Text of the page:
Tuesday, June 30, 2009

Civil War Museums--Part I

Gettysburg Visitor Center and Museum--1195 Baltimore Pike, Gettysburg, PA http://www.nps.gov/gett/planyourvisit/visitorcenters.htm

Re-opened last year, the new re-located Gettysburg National Military Park Visitor Center is not to be missed when coming to the legendary battlefield.

Originally placed along the Zeigler's Grove portion of the Park, near the small white Bryan Homestead and next to the Cyclorama building, the Visitor Center was well-attended throughout its decades of service. With a famous Electric Map that explained the battle through a series of moving lights and with a comprehensive museum and gift shop, the Visitor Center was usually the first place both Civil War buffs and Gettysburg first-timers went upon entering the hallowed ground.

With the 1999 Gettysburg Management Plan, the Gettysburg Foundation partnered with the Park Service to restore Zeigler's Grove to its original appearance and arranged for a new and expanded Visitor Center to be housed along Hunt Avenue behind Culp's Hill and near Union General Meade's headquarters during the battle, the Lydia Leister House.

Not only did the Visitor Center move, but so did the world-famous Cyclorama painting. This 1884 circular painting, very popular in the late 1800's, of Pickett's Charge by artist Paul Philippoteaux has been meticulously restored in a multi-million dollar process (which the author was able to witness in various phases). The end result is now located in the Visitor Center and is breathtaking. With first-hand accounts read aloud and special effects that bring Pickett's Charge to life (note the dawn breaking in the sky--wow!), the visitor to Gettysburg, whether a first-timer or hundredth-timer, will be ashamed to miss it!

Another integral partner during this undertaking was the History Channel. Thanks to the History Channel, the experience is made even more robust by the many films located throughout the Visitor Center. The main movie, A New Birth of Freedom, is narrated by Morgan Freeman and includes the master of Lincoln voice-overs, Sam Waterston (the best Lincoln in my book). It tells Lincoln's story and the Civil War's complicated journey up to and including the Battle of Gettysburg.

The updated museum shows the artifacts connected to Gettysburg with cleaner and more technology-driven visitor interpretation. From a room that shows us slavery in the 19th Century to the first two years of the year and then into a display room that represents each day of the horrific July 1863 battle, the visitor is enthralled by how these objects witnessed each and every event. The museum culminates in Lee's retreat, the aftermath, and the final years of the Civil War.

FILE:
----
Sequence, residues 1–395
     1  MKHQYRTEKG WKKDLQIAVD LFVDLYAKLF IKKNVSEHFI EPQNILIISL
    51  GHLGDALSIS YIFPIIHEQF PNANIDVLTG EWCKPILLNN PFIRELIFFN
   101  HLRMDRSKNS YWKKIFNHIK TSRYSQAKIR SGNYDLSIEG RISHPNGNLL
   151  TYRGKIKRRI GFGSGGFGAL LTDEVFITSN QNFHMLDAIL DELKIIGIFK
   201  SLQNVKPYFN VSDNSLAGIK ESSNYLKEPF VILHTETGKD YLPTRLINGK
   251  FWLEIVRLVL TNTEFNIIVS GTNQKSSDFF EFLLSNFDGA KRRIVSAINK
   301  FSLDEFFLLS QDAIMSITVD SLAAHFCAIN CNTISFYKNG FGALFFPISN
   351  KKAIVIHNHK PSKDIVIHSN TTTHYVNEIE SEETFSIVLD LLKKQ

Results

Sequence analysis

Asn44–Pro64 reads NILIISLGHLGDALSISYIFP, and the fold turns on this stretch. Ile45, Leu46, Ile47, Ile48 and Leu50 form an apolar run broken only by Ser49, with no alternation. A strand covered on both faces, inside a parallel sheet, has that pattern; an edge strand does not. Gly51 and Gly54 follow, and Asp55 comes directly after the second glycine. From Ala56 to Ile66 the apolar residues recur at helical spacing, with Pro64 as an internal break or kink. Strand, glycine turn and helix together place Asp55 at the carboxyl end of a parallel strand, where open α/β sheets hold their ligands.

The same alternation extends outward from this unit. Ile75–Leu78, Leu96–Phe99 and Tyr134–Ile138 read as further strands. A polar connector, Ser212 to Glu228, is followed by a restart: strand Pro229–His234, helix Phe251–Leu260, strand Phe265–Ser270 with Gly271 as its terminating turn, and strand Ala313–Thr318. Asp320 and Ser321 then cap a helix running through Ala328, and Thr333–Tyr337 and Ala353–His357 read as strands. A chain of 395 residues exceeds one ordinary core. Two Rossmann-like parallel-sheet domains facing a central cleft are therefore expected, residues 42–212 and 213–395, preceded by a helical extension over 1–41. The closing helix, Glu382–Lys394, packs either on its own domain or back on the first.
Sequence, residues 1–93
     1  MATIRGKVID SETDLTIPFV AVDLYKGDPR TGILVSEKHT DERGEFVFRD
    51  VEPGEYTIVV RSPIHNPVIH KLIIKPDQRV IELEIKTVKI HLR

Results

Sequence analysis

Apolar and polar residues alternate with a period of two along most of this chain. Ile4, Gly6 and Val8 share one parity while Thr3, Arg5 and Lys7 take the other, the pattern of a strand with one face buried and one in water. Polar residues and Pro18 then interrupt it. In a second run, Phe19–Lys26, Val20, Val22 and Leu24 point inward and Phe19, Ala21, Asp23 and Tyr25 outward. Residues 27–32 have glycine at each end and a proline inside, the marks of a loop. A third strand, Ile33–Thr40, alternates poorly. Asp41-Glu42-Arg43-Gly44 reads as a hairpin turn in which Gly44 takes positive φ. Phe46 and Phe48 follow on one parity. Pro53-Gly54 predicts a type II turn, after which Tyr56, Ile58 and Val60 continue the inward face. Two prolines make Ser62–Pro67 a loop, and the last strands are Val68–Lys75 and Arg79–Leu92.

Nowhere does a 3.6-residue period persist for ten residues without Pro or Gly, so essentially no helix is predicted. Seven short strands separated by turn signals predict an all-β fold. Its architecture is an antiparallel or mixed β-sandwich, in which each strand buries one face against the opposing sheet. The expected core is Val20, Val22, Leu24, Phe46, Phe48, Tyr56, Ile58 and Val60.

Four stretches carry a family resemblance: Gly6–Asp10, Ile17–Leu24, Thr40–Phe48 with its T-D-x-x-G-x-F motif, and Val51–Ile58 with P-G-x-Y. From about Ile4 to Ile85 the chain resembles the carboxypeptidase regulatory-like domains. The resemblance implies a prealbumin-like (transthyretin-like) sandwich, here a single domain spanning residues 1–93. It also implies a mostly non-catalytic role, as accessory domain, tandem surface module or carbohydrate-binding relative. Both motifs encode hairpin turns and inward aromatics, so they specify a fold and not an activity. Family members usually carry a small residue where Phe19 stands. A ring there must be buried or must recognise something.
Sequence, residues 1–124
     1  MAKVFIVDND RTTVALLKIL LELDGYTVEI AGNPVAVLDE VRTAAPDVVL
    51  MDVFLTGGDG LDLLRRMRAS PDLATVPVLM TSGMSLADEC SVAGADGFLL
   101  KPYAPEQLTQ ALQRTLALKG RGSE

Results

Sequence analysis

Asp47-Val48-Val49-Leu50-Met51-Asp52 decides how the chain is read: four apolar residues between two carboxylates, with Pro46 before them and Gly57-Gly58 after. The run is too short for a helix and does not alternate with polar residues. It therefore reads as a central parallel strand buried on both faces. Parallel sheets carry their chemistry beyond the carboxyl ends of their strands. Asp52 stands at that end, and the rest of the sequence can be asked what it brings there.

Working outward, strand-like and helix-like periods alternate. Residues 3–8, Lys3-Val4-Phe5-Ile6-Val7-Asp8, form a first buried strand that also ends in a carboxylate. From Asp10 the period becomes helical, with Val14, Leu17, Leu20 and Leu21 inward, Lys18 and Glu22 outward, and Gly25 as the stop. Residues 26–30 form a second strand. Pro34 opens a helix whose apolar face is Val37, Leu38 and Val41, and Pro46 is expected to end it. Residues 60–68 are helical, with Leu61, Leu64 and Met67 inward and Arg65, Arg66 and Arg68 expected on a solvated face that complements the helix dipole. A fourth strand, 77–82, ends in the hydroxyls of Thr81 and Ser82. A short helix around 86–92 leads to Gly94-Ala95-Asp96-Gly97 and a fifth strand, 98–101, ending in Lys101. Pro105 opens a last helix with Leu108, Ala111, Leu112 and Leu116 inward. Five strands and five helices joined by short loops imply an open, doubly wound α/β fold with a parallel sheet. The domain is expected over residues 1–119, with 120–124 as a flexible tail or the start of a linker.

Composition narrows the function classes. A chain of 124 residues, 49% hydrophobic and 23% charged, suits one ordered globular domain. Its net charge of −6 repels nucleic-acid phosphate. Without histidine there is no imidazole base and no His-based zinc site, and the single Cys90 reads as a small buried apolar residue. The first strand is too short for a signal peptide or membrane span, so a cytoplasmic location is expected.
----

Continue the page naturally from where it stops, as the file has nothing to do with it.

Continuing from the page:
Of shopping is part of the plan, then the new gift shop will entice to spend money on a plethora of books, t-shirts and quality gift items. The Refreshment Saloon aptly provides lunch and snacks and Ranger Programs on a variety of topics are presented daily at the Visitor Center and throughout the battlefield.

Another aspect of the experience is the wealth of research facilities available. A full Education Center affords a chance for research as does a Resource Center complete with computers connecting researchers with many different links to genealogoy, regimental histories, various libraries and state databases vital to historians, teachers and writers of all types.

Both groups and individuals are welcome at the Gettysburg Visitor Center with plenty of free car and motorcoach parking. The Gettysburg Foundation outdid themselves with the information included within the unique, round, barn-like structure. It was a long process to relocate the building, including town hall meetings, land surveying, fundraising efforts and construction.

The end result is well worth it. Visit as soon as you can!

(Hours of Operation--8:00 A.M. to 6:00 P.M.- April 1 to May 31.8:00 A.M. to 7:00 P.M.- June 1 to August 31.8:00 A.M. to 6:00 P.M.- September 1 to October 31.8:00 A.M. to 5:00 P.M.- November 1 to March 31.)

Kristie Poehler

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